Pan Am Games Show Off Toronto


The greater Toronto area kicked off the beginning of the Pan American Games with an impressive display of competition and pageantry that included an Opening Ceremony choreographed by Cirque de Soleil and a chance for the region to show off some of the legacy venues and infrastructure the event will leave behind. As our July cover story details, the event, combined with the Parapan Am Games, marks the largest sports investment that the province of Ontario has ever undertaken. At an opening press conference, the chairman of Toronto 2015, David Peterson, suggested the region may again bid for the Olympic Summer Games if the Pan Am Games come off well. Based on the first weekend, the event was off to a strong start.

One of the many legacies of the games comes through transportation in the form of the UP Express train that connects Toronto’s Pearson Airport with downtown’s Union Station. The project set the Pan Am Games as a goal for completion and the system provided easy access for fans at all times of day, both to and from the airport.


The Opening Ceremony at Rogers Centre (renamed Pan Am Ceremonies Venue for the competition) was a several-hours affair with a backstory detailing the history of Canada. With Cirque de Soleil behind the production, it came with all the pageantry and artistic creativity you would expect.


Among the dignitaries in attendance was International Olympic Committee President Thomas Bach. The ceremony also featured an appropriate tribute to Mario Vázquez Raña, who died in February and had served the last 40 years as president of the Pan American Sports Organization.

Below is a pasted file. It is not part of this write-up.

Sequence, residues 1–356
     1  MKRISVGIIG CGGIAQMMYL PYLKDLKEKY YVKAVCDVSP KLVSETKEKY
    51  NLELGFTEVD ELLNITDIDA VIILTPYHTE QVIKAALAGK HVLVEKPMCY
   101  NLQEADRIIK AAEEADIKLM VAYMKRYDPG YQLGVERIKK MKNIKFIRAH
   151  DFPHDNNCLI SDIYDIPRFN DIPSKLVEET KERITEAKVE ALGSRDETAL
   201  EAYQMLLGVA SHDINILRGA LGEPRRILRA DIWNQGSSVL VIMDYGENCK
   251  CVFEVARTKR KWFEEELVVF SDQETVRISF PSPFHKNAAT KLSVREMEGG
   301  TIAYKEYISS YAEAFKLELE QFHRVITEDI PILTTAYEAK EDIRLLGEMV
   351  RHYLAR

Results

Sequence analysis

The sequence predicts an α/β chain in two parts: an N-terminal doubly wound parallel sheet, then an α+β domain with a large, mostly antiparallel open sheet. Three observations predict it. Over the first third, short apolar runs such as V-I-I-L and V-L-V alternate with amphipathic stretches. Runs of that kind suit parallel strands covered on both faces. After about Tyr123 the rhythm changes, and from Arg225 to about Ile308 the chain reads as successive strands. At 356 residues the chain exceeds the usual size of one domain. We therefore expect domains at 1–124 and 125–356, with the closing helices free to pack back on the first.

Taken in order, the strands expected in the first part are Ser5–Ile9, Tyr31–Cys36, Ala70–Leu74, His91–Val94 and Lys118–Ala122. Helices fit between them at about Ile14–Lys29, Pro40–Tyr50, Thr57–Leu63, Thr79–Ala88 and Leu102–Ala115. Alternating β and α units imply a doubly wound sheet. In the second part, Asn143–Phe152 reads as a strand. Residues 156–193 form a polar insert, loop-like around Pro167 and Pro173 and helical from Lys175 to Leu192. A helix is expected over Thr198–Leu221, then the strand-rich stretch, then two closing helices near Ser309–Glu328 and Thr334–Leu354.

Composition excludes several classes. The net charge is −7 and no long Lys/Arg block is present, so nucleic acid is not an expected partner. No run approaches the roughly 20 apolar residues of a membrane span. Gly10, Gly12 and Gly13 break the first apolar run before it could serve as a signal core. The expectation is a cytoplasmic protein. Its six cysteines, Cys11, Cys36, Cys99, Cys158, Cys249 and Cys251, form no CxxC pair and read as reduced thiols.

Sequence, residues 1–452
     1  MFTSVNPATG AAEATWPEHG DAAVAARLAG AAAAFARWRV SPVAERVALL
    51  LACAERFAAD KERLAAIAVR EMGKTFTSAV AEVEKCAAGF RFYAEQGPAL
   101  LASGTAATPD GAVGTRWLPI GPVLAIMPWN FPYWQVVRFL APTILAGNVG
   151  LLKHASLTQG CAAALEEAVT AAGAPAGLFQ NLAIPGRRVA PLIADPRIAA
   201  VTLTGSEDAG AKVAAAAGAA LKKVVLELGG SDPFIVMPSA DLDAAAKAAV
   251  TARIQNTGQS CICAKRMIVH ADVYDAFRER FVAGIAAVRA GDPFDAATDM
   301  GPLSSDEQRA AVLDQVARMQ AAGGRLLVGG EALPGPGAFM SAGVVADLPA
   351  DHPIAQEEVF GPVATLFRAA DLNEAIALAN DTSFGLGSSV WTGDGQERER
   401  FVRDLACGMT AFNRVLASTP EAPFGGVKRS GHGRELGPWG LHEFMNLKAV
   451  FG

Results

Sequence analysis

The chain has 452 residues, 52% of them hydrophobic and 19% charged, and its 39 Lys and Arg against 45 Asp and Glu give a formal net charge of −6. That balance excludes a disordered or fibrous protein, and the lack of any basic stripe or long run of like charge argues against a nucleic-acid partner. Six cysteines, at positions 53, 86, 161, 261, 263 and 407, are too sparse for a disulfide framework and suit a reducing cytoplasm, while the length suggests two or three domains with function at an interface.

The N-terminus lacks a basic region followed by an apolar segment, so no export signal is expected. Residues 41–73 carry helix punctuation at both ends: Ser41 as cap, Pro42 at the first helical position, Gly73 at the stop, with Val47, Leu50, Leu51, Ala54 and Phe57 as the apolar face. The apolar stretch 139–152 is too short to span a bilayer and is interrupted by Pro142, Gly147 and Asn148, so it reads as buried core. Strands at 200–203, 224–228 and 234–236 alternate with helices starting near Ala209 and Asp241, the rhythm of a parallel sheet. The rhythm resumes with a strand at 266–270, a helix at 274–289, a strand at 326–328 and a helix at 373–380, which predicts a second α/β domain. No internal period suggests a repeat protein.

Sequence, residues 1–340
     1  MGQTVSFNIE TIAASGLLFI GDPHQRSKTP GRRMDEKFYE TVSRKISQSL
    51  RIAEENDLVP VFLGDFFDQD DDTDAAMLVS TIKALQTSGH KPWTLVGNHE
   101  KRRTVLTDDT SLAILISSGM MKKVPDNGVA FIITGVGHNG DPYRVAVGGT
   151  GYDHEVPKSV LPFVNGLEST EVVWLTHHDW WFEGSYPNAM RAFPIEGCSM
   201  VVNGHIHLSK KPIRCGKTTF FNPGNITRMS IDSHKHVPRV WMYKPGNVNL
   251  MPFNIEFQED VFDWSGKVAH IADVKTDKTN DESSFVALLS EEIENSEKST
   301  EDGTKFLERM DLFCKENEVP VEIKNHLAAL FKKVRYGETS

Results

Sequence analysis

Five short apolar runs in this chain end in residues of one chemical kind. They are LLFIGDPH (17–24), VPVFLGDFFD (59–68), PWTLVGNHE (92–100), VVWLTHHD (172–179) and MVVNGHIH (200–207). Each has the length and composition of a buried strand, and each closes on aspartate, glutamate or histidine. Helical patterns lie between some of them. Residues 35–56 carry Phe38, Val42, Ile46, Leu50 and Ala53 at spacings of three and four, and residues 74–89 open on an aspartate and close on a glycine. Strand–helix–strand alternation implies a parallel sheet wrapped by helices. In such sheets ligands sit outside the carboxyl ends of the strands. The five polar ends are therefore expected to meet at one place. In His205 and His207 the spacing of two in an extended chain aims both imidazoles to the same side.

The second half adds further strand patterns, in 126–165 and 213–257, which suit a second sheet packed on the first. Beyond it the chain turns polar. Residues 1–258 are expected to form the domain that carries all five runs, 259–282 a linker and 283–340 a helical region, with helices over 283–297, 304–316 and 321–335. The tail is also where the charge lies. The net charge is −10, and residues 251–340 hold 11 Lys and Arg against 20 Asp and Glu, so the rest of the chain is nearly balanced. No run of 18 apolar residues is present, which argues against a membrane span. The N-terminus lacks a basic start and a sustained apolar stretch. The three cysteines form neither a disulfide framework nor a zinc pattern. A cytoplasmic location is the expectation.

As for the ceremony itself, the largest applause came when Team Canada entered the Parade of Nations.


Among the others receiving loud ovations were a team of BMX riders who did tricks amid the seated athletes on the stadium floor, and hockey legend Bobby Orr, who carried the IOC flag into the stadium. One downside, though, for those in attendance: The most dramatic part of the evening came at the end when NBA star (and Canadian) Steve Nash took the torch relay, ran outside the venue and lit the Pan Am Games cauldron, which sits just outside the stadium at the base of the CN Tower. From there, an impressive fireworks show began off the adjacent tower. But attendees at the ceremony had to watch the spectacle from the smallish screens behind the main stage, which was set up in the equivalent of the outfield at the Toronto Blue Jays’ home stadium. With Rogers Centre having a retractable roof, it was a lost opportunity to open the roof at the end of the ceremony for those inside to watch the amazing display live just steps away. It would have been quite dramatic, but proved anticlimatic for anyone who paid for a ticket inside. Nonetheless, crowds gathered outside following the ceremony to take photos of themselves by the flame.